Reindeer helps save younger brother from devastating illness
Some reindeer live a bit south of the North Pole. In Shortsville, N.Y., about 30 miles east of Rochester, reindeer brothers Moose and Little Buddy call a little farm home. Their owner Mike Schaertl was looking forward to Little Buddy’s first holiday season, but last month, the five-month-old reindeer got very sick.
Reindeer are vulnerable to tick borne diseases and living in areas where deer graze can increase the risk of infection. When Little Buddy lost his energetic personality and had no interest in eating his favorite beet pulp or playing with Moose, concern grew.
“When I came home from work one day to check on Little Buddy, I noticed his urine was dark red,” Schaertl explained. “That's when I realized this was a serious problem.”
Schaertl called his veterinarian, Michael Cary DVM '82, himself a reindeer owner, at the Towne & Country Veterinary Hospital, who referred him to the Cornell University Equine and Nemo Farm Animal Hospital right away. By the time Little Buddy arrived, his condition was quickly getting worse. He was lethargic, open-mouth breathing and had a very high fever.
Dr. Melissa Fenn, Large Animal Internal Medicine resident, began stabilizing him immediately with oxygen and fluids. Initial bloodwork diagnosed Babesiosis, a potentially fatal parasitic disease spread by ticks. The parasite was invading and destroying Little Buddy’s red blood cells, making him severely anemic. Fenn and her team ordered the appropriate medication to combat the parasite and monitored him closely overnight in the ICU. Despite their efforts, the next morning, Little Buddy was significantly more lethargic. Because of his anemia, there was an inadequate amount of oxygen being delivered to his tissues, a problem requiring a blood transfusion.
Things were not looking good.
“We were very worried about Little Buddy. Most reindeer that present to the hospital with this disease do not survive,” said Fenn.
Moose had traveled with Little Buddy to the hospital. Reindeer are social creatures who gain comfort from being in their herd, so Fenn knew that bringing in Moose, Little Buddy’s herd-mate and half-brother, would ease his stress. Moose would also be able to donate the blood that Little Buddy badly needed for a transfusion.
A day and a liter of blood later, Little Buddy could stand and began to eat again. Although still very sick, the young reindeer continued to show signs of gradual improvement. By the sixth day, Little Buddy was able to play with Moose again, and his bloodwork results were looking better. He no longer needed oxygen and could be moved out of the ICU.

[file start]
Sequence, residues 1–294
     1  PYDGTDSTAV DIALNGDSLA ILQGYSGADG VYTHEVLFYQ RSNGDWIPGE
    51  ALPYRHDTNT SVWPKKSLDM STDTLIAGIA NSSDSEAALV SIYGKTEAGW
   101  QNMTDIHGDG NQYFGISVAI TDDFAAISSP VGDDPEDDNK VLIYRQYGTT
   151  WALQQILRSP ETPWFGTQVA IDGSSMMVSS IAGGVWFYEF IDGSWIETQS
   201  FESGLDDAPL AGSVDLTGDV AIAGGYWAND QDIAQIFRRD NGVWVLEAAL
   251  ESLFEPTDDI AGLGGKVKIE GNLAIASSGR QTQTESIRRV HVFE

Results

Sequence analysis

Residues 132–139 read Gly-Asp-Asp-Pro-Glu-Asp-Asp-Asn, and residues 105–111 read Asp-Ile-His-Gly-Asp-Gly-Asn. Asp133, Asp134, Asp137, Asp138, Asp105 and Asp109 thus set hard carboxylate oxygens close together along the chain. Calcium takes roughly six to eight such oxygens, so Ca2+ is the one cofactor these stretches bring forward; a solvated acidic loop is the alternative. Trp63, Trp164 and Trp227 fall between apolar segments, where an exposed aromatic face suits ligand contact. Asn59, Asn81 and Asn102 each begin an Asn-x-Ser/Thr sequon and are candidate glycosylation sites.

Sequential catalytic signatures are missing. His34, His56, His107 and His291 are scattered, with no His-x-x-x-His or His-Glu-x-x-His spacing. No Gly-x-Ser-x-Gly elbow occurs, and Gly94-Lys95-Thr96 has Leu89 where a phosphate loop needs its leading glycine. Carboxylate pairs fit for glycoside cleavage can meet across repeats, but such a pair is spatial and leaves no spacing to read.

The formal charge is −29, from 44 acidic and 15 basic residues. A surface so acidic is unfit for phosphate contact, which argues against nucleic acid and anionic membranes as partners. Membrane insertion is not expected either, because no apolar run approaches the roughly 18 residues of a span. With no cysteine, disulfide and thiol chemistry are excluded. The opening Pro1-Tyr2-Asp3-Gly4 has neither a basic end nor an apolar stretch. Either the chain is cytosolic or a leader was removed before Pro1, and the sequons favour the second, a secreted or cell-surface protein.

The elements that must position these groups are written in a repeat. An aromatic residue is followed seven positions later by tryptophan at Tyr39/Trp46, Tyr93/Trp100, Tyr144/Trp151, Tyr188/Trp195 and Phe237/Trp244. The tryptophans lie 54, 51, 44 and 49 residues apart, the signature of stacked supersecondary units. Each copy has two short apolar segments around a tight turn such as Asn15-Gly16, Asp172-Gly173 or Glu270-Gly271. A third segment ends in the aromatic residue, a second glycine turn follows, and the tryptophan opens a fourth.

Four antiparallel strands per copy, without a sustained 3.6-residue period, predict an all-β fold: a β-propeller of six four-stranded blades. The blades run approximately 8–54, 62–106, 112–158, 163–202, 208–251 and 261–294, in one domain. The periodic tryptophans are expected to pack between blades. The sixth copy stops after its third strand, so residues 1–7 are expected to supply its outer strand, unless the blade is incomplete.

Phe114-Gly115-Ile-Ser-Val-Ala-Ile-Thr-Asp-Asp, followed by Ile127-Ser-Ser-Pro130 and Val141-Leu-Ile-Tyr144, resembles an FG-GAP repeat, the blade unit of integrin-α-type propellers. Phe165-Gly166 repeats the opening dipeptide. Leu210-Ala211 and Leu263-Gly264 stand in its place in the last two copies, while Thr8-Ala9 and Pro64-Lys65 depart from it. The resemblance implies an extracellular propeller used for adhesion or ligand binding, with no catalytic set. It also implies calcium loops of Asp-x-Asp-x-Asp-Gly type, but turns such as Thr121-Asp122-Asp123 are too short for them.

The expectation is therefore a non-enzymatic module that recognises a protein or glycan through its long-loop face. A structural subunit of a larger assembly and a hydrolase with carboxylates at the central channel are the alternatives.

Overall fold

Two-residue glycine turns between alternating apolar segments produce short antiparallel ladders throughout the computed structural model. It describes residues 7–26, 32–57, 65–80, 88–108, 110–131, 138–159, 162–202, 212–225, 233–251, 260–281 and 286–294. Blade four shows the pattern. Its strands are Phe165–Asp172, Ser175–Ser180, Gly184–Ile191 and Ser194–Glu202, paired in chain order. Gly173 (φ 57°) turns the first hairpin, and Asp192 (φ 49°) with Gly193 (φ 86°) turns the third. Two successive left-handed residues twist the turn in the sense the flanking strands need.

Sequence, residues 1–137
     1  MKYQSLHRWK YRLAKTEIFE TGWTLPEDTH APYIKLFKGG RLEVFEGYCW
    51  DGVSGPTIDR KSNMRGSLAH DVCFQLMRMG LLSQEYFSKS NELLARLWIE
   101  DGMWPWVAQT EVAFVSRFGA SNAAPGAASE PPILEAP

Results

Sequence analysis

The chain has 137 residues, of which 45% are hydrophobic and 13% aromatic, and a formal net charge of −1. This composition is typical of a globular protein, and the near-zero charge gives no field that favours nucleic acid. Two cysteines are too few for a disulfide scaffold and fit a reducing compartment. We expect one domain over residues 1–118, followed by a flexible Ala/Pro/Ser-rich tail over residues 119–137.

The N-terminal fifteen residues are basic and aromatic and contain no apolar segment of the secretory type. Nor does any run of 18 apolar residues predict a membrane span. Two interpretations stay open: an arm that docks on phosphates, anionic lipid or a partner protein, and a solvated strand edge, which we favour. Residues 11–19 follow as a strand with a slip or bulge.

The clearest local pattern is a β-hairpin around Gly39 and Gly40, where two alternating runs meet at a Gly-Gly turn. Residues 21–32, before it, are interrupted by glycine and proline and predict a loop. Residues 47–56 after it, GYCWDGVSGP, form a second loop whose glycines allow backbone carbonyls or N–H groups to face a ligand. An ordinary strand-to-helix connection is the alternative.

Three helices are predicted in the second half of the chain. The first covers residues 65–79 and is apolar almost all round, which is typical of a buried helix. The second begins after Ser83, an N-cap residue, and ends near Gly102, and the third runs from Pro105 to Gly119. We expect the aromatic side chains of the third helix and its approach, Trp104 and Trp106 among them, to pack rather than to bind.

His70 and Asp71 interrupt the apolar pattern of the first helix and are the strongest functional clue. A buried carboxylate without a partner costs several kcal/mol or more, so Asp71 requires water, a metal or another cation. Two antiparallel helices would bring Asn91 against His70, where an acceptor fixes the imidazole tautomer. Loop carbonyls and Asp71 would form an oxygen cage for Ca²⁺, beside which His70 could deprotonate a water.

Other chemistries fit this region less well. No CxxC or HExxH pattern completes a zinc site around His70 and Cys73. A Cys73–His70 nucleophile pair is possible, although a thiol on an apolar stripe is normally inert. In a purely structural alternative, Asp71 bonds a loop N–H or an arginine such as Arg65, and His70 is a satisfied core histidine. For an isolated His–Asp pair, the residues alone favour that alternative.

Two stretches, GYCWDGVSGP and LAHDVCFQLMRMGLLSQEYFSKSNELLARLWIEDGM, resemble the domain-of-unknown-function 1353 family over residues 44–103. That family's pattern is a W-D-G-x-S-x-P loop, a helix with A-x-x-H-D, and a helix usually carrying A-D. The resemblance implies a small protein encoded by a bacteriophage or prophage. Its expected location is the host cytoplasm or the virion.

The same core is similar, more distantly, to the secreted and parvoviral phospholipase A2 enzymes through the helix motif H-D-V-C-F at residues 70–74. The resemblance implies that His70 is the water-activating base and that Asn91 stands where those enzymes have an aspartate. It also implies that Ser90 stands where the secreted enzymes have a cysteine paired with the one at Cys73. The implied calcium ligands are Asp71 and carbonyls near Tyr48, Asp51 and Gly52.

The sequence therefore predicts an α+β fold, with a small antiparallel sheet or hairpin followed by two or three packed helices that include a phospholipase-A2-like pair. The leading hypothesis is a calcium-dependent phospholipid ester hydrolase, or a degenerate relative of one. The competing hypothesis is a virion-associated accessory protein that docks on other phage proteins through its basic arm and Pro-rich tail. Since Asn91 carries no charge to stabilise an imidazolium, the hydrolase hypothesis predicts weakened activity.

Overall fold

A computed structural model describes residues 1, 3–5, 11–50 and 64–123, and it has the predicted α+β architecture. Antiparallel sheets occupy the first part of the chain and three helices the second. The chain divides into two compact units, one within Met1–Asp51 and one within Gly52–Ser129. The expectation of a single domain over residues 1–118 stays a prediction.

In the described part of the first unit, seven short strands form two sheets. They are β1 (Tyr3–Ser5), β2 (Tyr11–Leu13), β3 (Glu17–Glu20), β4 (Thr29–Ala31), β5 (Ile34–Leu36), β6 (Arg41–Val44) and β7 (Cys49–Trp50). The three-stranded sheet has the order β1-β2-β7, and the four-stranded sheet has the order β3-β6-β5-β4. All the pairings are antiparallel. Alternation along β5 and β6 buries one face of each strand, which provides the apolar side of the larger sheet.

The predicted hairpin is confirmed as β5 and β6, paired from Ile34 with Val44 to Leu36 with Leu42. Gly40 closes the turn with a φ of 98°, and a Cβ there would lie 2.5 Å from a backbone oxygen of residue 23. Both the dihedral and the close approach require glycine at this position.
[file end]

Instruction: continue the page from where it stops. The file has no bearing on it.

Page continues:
The Cornell University Equine and Nemo Farm Animal Hospital is equipped to keep many species of large animals, though special care and consideration was needed for Moose and Little Buddy. For example, bars and a grill work on equine stalls would present some hazard to reindeer antlers that could get stuck. The hospital retrofitted an existing padded stall normally used for horses with neurologic conditions. The stall was also ideal because it was closest to the end of the barn, where the door could be opened to let in some cool November air. Little Buddy needed cold temperatures to be comfortable, so large box fans were hung in the stall as well.
Fenn noted, “The hospital team was so creative and came up with a great solution to keep him as comfortable as possible during his recovery.”
After a week, it became clear Little Buddy would make a full recovery. The treatments including Moose’s blood transfusion had worked. He was more energetic, interactive, and there was no longer any evidence on his blood smear of the organisms that made him sick in the first place.
Fenn was thrilled that her patient had pulled through the worst. After more observation and treatment for an unrelated eye issue, both reindeer were discharged with a clean bill of health. They could return to their home in time for the holidays.
Schaertl reports that the brothers are happy as ever in their northern N.Y. home. The family even threw a party in the brothers’ honor, a barn-warming celebration where all of the Shortsville community was invited to meet Moose and Little Buddy. Several hundred friends and community members came to celebrate.
“We are extremely lucky to have a facility like Cornell's so close by,” Schaertl said. “Our referring vet, Dr. Mike Carey, knew exactly what had to be done and he knew that Cornell was the best place to give Little Buddy a chance at surviving this almost always fatal disease. The superb staff at Cornell, led by Dr. Fenn, was in daily contact with us and Dr. Carey. Through their efforts, Little Buddy is still able to bring smiles to hundreds of children this holiday season.”
By Sarah Bassman